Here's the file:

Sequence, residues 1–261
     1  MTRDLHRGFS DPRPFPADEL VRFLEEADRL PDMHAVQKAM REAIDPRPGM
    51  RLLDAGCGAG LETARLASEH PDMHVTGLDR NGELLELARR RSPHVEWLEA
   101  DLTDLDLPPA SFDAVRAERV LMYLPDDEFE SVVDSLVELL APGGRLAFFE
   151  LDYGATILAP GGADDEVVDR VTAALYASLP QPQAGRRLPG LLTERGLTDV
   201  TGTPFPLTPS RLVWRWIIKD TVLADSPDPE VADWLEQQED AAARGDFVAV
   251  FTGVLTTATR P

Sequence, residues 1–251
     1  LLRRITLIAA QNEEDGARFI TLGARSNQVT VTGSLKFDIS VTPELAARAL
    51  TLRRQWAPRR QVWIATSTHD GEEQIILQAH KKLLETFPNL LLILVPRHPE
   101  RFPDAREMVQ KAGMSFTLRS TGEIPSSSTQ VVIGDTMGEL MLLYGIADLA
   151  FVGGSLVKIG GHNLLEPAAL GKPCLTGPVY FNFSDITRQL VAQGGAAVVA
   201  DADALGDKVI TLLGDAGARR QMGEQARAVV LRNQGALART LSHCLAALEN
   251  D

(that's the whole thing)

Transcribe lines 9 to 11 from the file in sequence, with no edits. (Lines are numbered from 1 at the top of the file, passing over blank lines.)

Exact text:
     1  LLRRITLIAA QNEEDGARFI TLGARSNQVT VTGSLKFDIS VTPELAARAL
    51  TLRRQWAPRR QVWIATSTHD GEEQIILQAH KKLLETFPNL LLILVPRHPE
   101  RFPDAREMVQ KAGMSFTLRS TGEIPSSSTQ VVIGDTMGEL MLLYGIADLA